Officer Julio Nuñez, also with the Anne Arundel County Police Department, then just entering the house, witnessed Corporal Teare struggling to place Smith in handcuffs. After Corporal Teare got Smith on his stomach on the ground, Officer Nuñez assisted as Smith was "passively resisting . . . . [H]e was just tensing up. Wouldn't bring his arms around his back. He just kept on like locking his arms."

After the officers placed Smith in handcuffs, Officer Nuñez was instructed to search him while Corporal Teare returned to the bathroom to check for any evidence "or anything that they were trying to get rid of or take." Corporal Teare testified that he did not conduct the "search" of Smith because

there was still other people in the house, so for two reasons. I guess it was that, just for officer safety, and [Officer Nuñez] was in the better position where I could keep an eye on everybody, but then also I went right to the bathroom where [Smith] had come out of, because I was afraid that somebody might be trying to either take or destroy other evidence.

Corporal Teare also testified that he placed Smith in handcuffs because he did not "want him to leave. I mean I had to identify him[.]" He further testified on cross-examination that he chose to place Smith in handcuffs because Smith "wasn't listening to me when I originally saw him, when I was walking towards the house, and then now when I told him

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you know, he was going to be detai[n]ed, he started to pull away and he was tensing up and didn't want me to hold onto him."

Officer Nuñez, moreover, testified that, after Smith was handcuffed, he conducted a "pat down" of Smith. Officer Nuñez stated that, "[b]efore I search I typically pat down for weapons before I go on to the search. And in the middle I felt something, like a small bulge, but it was something soft. . . . And then I went towards the right and I felt in his right pocket definitely a hard object that did feel like a gun." The object, Officer Nuñez stated, "was hard, it had a L shape. Training, knowledge and experience I knew it was a gun right away." Officer Nuñez then proceeded to remove the handgun from Smith's waistband, handing it to Corporal Teare. Upon a search of Smith's person, Officer Nuñez found fresh marijuana, a scale and seventy-four empty baggies. Later, at the police station, a bag of cocaine was found on Smith, as well as $258.00.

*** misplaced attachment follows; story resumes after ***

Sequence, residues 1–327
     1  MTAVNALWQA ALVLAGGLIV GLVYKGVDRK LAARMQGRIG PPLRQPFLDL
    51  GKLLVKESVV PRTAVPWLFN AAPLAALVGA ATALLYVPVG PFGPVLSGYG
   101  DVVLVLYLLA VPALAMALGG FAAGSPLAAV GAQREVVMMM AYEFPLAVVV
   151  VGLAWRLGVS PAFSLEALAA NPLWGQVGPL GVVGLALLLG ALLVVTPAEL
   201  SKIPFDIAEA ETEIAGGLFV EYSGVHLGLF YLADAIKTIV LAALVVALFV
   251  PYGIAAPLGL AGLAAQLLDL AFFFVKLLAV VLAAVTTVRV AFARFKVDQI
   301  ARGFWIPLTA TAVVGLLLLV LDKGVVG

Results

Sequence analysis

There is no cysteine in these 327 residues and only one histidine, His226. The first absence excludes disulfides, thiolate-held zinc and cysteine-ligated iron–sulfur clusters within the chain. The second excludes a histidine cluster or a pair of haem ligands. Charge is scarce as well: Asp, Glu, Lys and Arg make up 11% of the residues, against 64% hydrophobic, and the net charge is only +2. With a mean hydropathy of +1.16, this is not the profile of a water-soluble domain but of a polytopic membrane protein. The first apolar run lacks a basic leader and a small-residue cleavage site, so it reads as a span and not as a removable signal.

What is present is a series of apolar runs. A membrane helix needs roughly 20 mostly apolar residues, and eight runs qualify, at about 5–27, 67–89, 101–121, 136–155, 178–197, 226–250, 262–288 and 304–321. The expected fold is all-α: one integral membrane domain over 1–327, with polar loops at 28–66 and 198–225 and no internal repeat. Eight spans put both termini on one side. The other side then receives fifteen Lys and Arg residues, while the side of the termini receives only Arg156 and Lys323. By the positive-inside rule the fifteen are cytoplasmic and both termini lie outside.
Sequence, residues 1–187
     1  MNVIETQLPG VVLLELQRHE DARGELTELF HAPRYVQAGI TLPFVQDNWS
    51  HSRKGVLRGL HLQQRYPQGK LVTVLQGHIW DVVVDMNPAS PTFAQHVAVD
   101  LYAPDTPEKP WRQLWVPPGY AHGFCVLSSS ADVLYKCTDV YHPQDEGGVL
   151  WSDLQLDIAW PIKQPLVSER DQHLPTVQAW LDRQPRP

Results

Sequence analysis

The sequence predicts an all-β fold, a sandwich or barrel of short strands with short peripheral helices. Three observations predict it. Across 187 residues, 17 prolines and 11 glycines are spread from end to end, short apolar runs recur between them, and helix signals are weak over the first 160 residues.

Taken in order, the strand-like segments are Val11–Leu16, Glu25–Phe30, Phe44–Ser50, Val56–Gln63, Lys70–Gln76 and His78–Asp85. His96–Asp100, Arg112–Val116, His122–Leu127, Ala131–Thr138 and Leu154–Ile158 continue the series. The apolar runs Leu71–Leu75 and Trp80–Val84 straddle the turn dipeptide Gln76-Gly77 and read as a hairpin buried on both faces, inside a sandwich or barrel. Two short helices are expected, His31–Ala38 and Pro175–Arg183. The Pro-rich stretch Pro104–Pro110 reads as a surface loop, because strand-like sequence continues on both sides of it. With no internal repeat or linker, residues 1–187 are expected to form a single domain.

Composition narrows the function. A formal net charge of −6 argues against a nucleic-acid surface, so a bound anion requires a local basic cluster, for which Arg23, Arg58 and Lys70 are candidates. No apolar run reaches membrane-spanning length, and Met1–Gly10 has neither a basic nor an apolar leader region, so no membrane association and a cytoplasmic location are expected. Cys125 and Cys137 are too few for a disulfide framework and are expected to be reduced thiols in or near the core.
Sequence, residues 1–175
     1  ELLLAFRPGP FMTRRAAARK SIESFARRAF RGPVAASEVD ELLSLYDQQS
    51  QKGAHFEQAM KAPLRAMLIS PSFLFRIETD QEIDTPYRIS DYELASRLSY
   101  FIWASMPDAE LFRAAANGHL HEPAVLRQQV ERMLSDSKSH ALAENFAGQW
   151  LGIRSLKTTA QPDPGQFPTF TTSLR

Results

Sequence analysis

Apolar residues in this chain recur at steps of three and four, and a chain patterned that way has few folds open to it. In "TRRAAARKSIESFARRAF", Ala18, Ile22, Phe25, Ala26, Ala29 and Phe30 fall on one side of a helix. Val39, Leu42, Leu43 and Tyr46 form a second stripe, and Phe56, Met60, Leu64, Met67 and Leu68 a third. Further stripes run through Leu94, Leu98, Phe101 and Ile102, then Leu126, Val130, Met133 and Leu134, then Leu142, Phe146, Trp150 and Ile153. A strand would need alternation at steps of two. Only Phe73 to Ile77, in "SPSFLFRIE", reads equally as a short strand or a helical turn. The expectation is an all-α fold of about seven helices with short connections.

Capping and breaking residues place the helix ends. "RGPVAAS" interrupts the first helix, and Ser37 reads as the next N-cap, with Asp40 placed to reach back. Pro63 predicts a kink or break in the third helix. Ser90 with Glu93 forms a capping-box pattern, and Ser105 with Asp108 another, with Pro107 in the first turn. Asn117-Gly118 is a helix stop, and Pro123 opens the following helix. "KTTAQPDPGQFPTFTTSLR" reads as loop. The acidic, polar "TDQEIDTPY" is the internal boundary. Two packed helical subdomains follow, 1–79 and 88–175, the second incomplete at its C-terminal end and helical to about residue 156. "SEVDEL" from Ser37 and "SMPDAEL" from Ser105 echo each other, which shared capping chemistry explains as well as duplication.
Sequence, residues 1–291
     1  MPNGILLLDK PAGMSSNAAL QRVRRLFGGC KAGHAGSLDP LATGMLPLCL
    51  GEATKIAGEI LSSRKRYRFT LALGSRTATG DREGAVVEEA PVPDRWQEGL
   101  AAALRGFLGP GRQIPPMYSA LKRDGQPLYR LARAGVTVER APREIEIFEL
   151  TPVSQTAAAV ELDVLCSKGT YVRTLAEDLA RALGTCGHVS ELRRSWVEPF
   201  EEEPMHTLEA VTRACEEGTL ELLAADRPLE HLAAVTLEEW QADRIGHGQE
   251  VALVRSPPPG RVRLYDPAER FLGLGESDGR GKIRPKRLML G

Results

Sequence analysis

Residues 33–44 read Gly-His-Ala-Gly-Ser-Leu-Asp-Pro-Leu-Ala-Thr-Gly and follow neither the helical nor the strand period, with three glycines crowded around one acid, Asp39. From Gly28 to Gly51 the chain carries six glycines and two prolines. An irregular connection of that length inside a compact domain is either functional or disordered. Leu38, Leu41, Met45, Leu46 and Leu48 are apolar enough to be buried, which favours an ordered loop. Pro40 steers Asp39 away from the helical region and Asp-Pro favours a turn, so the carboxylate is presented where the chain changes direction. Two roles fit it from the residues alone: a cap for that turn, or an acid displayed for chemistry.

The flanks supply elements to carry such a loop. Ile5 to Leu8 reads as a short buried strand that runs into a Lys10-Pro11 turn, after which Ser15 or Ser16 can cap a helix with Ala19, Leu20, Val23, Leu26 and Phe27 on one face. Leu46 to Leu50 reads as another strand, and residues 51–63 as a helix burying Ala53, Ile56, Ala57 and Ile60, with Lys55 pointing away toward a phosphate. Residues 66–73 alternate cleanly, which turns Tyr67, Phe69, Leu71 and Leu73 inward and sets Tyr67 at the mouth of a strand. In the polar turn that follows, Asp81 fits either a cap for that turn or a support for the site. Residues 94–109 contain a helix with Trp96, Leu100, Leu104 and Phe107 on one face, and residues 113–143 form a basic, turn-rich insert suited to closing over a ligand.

At the hearing, Smith testified that he was not the individual Corporal Teare stopped outside the house in the driveway and that his first interaction with the police at the party in Glen Burnie was when Corporal Teare opened the bathroom door. He stated that, when he "heard the police coming," he "wanted to wait it out until they left" and remained in the bathroom with three strangers.

Judge Cathleen Vitale of the Circuit Court for Anne Arundel County, after hearing testimony and arguments, orally denied Smith's motion to suppress, explaining:

[T]here is no doubt in the Court's mind - the Court first of all does find the officers who testified in the proceedings to be credible. And I find that the following, that was testimony to be pervasive or persuasive in this case, and that is that Officer Teare indicates that he's called to the scene. At

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the time that he's called to the scene he is going down the driveway, he's going to a home where we now know there was a party going on that appeared to get out of hand. As he is heading towards the house, running past him is a gentleman who he identifies to be the Defendant in this case, Mr. Smith, and he is told to stop, to show me your hands. He says he does that at that time, in a loud authoritative voice. He's about two feet from him and at that time there's no question that Mr. Smith puts his hands up. He may have stopped for a brief moment, but as we know, he didn't stay put. The officer indicates he has a strong odor